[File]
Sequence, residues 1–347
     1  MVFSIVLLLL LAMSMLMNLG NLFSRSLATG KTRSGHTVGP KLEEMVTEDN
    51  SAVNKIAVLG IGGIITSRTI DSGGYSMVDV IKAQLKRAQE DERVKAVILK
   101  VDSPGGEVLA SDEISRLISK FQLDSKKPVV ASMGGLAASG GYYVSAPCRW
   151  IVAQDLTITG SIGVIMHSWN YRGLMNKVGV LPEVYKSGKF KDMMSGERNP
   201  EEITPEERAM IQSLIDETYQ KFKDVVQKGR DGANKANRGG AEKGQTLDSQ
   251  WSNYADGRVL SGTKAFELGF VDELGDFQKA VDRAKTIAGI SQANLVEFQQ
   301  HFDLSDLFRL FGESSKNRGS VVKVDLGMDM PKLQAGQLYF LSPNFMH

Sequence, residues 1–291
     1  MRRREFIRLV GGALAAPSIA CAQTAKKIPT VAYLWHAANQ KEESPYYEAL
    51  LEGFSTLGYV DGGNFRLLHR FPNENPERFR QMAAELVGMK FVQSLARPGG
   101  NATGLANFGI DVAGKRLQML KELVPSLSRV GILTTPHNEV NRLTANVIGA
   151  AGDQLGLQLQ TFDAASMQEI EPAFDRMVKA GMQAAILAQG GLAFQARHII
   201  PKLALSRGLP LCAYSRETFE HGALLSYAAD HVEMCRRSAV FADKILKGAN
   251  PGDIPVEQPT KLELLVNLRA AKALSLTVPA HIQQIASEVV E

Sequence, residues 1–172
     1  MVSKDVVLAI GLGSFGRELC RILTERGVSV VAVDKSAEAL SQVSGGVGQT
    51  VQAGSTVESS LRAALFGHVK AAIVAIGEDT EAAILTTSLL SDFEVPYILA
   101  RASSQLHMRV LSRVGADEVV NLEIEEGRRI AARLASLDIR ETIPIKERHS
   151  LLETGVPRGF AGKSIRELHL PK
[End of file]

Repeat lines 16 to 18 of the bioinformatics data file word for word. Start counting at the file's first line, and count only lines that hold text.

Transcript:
Sequence, residues 1–172
     1  MVSKDVVLAI GLGSFGRELC RILTERGVSV VAVDKSAEAL SQVSGGVGQT
    51  VQAGSTVESS LRAALFGHVK AAIVAIGEDT EAAILTTSLL SDFEVPYILA